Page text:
The Living on Earth Almanac
Air Date: Week of March 31, 2000
This week, facts about the Census and what all the numbers really mean.
TOOMEY: One, two, three, four . . .
CURWOOD: In 1790, George Washington sent the first federal census-takers across the new nation with orders to, quote, "enumerate every individual." The Constitution mandates a population count every ten years to apportion Congressional seats, but today's Census, which is now officially underway, has become more than a simple head count. It's a statistical snapshot of the nation, telling us such things as how many Americans live alone, take public transportation to work, and heat their homes with oil. The data is used to assess and plan federal programs. For example, Census data can inform efforts to reduce traffic congestion and forecast fuel needs. Each year, 185 billion federal dollars are awarded to local communities, based on the Census results. That works out to $673.95 for every American living in the USA at the moment. And that certainly counts for something.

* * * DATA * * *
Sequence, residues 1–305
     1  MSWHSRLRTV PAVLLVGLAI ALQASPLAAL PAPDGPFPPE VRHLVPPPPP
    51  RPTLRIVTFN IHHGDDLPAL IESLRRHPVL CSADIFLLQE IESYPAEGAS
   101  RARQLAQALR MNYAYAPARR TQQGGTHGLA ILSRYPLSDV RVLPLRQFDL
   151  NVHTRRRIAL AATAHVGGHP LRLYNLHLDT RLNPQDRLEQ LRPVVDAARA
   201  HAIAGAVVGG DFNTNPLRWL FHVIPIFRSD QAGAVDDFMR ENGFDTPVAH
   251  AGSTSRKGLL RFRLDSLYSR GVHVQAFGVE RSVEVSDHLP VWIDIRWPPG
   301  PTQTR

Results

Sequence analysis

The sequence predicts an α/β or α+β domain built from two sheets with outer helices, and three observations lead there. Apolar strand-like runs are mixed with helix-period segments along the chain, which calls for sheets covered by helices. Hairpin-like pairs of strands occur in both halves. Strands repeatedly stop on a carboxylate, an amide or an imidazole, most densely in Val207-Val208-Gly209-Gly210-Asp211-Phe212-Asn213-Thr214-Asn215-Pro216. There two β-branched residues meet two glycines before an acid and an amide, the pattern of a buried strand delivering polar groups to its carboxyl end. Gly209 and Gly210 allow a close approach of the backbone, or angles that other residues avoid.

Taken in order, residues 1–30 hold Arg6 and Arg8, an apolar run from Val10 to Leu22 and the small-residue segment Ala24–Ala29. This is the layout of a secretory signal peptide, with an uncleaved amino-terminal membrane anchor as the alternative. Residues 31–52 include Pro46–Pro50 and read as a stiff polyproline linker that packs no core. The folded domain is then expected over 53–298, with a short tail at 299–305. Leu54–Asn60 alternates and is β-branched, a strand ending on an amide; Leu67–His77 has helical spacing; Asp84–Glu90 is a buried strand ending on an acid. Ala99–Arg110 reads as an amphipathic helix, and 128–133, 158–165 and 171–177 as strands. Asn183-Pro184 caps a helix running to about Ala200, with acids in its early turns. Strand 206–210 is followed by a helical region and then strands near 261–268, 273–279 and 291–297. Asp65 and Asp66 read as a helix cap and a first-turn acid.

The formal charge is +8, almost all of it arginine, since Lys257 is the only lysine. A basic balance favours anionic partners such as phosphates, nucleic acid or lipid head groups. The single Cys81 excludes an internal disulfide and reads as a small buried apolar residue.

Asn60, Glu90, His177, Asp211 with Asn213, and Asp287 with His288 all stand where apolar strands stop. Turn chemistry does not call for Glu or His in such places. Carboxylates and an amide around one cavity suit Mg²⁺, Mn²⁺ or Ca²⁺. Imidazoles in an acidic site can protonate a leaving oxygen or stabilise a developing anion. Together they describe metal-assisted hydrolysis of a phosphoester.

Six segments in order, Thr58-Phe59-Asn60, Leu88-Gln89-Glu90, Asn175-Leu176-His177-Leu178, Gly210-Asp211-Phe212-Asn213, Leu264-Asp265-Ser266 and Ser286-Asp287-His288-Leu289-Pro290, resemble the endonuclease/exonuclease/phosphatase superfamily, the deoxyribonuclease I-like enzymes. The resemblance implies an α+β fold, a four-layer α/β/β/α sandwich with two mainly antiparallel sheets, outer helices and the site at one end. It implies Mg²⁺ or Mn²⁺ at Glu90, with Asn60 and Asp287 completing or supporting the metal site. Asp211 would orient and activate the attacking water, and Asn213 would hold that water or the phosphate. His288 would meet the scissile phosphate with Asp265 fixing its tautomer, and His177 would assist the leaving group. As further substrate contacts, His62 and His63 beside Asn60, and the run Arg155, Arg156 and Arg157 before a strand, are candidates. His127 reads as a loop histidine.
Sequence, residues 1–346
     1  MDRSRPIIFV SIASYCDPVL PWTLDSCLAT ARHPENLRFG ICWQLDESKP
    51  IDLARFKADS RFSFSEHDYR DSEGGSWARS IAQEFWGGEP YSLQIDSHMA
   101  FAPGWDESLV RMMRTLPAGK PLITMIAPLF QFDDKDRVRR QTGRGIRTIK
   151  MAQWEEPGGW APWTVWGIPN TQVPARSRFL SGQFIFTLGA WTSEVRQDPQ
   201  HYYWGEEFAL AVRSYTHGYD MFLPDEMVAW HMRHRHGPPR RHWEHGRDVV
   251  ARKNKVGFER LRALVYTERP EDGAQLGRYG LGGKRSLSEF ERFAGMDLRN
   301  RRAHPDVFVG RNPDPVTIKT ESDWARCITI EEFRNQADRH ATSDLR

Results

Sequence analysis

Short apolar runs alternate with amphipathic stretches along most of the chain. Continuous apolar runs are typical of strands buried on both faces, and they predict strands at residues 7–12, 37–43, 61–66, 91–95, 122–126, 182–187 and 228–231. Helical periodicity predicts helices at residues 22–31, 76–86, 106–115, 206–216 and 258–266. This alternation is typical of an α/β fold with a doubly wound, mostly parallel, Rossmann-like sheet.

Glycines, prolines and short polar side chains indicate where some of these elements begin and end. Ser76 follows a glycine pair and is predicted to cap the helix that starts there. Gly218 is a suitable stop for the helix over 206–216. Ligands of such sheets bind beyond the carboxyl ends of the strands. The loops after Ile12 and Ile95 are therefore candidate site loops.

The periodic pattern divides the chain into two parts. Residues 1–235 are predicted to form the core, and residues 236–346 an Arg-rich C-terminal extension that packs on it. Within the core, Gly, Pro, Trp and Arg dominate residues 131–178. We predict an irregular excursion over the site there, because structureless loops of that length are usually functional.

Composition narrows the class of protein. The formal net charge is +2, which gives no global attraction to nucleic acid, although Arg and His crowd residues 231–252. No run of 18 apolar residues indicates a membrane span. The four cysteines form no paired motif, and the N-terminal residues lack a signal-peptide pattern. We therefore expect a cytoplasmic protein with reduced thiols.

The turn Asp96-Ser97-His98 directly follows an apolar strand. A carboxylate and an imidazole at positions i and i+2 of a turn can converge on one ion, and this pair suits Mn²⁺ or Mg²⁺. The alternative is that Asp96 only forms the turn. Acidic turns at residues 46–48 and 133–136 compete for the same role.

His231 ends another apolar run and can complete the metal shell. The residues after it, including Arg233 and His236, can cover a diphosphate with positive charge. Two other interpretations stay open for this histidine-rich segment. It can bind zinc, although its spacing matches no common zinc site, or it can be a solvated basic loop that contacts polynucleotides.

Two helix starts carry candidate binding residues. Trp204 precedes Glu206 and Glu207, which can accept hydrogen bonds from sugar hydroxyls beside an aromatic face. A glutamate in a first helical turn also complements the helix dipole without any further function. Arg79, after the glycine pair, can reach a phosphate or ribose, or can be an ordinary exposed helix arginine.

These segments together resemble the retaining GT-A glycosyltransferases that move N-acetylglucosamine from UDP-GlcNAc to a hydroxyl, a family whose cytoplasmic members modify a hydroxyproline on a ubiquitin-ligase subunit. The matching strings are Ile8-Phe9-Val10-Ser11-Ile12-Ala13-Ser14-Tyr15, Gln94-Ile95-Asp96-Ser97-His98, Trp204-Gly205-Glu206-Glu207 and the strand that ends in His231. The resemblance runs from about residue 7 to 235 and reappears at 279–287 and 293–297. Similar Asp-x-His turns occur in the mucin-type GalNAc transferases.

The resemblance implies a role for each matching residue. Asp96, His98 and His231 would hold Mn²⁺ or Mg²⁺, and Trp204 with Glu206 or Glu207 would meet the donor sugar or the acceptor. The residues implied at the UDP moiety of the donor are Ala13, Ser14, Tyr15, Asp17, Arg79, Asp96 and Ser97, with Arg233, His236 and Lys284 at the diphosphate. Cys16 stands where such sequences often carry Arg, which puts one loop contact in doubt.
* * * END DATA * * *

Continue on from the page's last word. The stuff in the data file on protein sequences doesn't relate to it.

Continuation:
TOOMEY: Two hundred seventy-four million four hundred seventy-six thousand six hundred fifty-two. Two hundred seventy-four million four hundred seventy-six thousand six hundred fifty-three. Whoo!
CURWOOD: And for this week, that's the Living on Earth Almanac.
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